Bell is my Internet Service Provider (ISP). Has been for years. There are options, but I’ve stuck with Mother through thick and thin. This week thin has been see-through.
Norton, McAfee etc. vie for our loyalty in the Internet protection racket. Ma Bell has her own service which is not compatible with the instantly downloadable providers. Instant gratification is a term unfamiliar to the old girl. I needed a modem replaced – 3-5 day wait. I could cancel my service and install a competitor in less time. Eventually the wait time dropped to 24 hours – I counted my blessings – I could have opted out.
The installation of the new connection went relatively well, until Ma Bell alerted me to an incompatibility issue – Norton and she were not on speaking terms. Norton was included on the new computer. Ma assured me I would be protected, so I sent Norton to the Pale, and let Ma bully me into accepting her protection. Wrong!
I found out today that I haven’t been protected for 4 days, because I hadn’t activated the service. I hadn’t activated the service because I didn’t have an account. Yeah, I do…not that account says Ma, but another account with an additional fee. From free to fee, and no protection.
Once the other account was sorted, I asked when I could expect the protective services to begin – not until Monday. What? I have to wait. I have a system already installed and could turn on in 2 minutes, and I have to wait 3 days for your service. Ah come on, Ma.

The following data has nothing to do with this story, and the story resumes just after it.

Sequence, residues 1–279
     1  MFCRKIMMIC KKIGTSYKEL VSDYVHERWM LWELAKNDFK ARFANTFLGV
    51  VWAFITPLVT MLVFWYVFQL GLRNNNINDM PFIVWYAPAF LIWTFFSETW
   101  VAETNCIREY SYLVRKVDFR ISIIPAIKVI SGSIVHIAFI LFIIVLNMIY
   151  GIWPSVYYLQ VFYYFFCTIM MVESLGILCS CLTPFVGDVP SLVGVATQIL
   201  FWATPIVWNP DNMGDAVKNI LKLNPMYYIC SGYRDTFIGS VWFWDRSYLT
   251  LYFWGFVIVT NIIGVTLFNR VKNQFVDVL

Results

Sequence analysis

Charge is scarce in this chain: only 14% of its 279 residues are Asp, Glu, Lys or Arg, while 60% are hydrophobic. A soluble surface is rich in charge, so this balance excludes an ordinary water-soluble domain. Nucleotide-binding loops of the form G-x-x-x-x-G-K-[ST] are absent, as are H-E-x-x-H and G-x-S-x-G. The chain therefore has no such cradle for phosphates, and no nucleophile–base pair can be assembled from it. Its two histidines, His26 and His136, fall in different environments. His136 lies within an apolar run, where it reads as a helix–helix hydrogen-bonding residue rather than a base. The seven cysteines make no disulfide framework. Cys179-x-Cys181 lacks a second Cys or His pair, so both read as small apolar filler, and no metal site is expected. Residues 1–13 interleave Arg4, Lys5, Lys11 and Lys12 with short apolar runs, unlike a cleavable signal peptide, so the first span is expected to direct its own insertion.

Switch? Don’t think so. I firmly believe that none of the available ISPs will be any better at customer service. What I wouldn’t give to remove myself from the tyranny of ISPs.
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The Fox Shop customer service debacle continues. I’m getting crankier by the minute. But I’m tenacious [reference to the Glee Project is not intentional], when it comes to online human interface. I know that coders and Internet security types are woefully uninformed when it comes to the human experience online.
There had to be a reasonable explanation for the problem I’m experiencing. I think I figured it out. The automated customer service system recognizes the email address from which a message is sent. When that address does not match the primary address, then the system automatically assumes a security breach or error has occurred, rejecting the form submission.
What the security and coding boys didn’t think of when they set the registrations system up was to inform the registrant that the primary email address should be the one from which most messages will be sent.
In other words…like everyone I know in the universe…I have 2 email addresses. I use them for different reasons, but behind both is my ISP’s email address. My second address delivers to the ISP address. But when I send emails they come from the ISP address regardless of which address I used to register an account.
If the FoxShop had made it clear that the auto system only recognized the email address associated with the account from which my messages would be sent, then I would have chosen email address 1 not 2 for my account email.
I am off to check my theory. If true, then I’ve added one more rule to Prisca’s rules of human interaction online. The list is growing!
PS – 5 minutes later – the system worked like a darn, when I changed the email address. Come on programmers…you got to think like a human being some times!